These are classic leadership questions. They are not just organization and innovation. But what we’re finding is that, if you want to be a more effective leader, you have to be able to use these (digital and social tools). Because that’s a way for you to scale your leadership, extend your leadership in ways you couldn’t before and, frankly, move a lot faster than the traditional hierarchies and the ways most organizations are structured.
— AIIM International (@AIIMIntl) March 18, 2015
Disruption? Digital transformation is about relational value shifts
Back to digital transformation. You see the term popping up everywhere. In a way it’s defined as the next step beyond digitization. And on your personal blog I read that you describe yourself as “helping leaders thrive with disruption”. Transformation, disruption, they are umbrella terms. What is disruption for you? What is transformation?
Charlene Li: Disruption in the end is a shift in power in relationships. The reason why something is disrupted…it could be sitting there. A technology could be sitting there for years and not be disruptive. It suddenly becomes disruptive if somebody in the power of a relationship uses it to change the dynamics of a relationship. That is why it becomes disruptive.
Transformation and disruption have something very interesting in similar: they’re both human issues, both human problems to be tackled, not technology problems. And that’s a mistake I think most people are making in this space. They think it’s a technology problem and it’s not, it’s absolutely a human problem. Our survey shows that 63% of people who are in a digital transformation process say that culture is the number one barrier. Culture. People. Leadership. These are the issues that hold companies back from being able to do a digital transformation, not the technology.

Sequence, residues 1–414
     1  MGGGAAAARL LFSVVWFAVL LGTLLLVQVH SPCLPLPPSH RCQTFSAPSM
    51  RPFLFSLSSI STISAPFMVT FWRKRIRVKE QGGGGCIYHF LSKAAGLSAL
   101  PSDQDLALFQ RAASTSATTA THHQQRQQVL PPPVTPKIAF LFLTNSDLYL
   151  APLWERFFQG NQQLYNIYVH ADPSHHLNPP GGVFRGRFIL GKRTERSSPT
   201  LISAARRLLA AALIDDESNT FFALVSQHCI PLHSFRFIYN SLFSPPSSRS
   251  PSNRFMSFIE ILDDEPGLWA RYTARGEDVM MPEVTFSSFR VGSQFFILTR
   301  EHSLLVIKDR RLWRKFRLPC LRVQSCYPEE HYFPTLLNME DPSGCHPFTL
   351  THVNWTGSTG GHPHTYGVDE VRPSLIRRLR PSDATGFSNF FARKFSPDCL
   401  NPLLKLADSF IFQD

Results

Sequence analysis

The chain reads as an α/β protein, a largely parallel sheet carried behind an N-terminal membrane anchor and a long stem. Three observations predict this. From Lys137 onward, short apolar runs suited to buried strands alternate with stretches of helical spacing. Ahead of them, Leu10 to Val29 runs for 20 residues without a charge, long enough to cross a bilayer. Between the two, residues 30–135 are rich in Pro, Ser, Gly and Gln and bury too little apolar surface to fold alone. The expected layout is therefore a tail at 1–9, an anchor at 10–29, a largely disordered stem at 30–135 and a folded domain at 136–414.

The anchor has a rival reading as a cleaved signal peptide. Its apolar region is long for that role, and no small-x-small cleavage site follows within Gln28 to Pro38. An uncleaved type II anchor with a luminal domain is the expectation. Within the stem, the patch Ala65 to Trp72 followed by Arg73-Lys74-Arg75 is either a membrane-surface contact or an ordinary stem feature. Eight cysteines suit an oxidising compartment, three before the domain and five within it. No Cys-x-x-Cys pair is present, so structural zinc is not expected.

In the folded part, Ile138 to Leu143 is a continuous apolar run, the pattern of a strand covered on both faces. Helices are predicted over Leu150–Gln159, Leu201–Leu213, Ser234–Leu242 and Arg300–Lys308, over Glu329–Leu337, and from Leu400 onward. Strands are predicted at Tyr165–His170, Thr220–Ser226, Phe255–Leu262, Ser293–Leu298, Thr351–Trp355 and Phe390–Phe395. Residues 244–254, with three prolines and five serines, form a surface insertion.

It’s the same with disruption. The thing that really causes disruption is the change in power and balance when shifts in value happen between individuals, between companies, between customers, within companies and inside ecosystems and the value chain. That’s when the pain comes in. Understanding that from a human perspective is key and a different way of thinking about it. And that’s why I’m so focused on leadership.
Digital transformation and prioritization – what’s your plan?
I’m glad you put it that way and couldn’t agree more in fact. It’s really about people and culture yet at the same time we also have the processes and the technology. What strikes me there is that we talk so much about digital transformation (as the next step after digitization) but that there are still so many processes and information sources to digitize and connect. There often remains a lack of an integrated view and of connectivity. Where do you see the main challenges in that regard?
Charlene Li: I think the biggest challenge is seeing a clear picture of those relationships. It’s really mapping it out. Not trying to map it out in its full complexity and everything but prioritizing. Which are the most important pieces of information or processes that could really make a difference?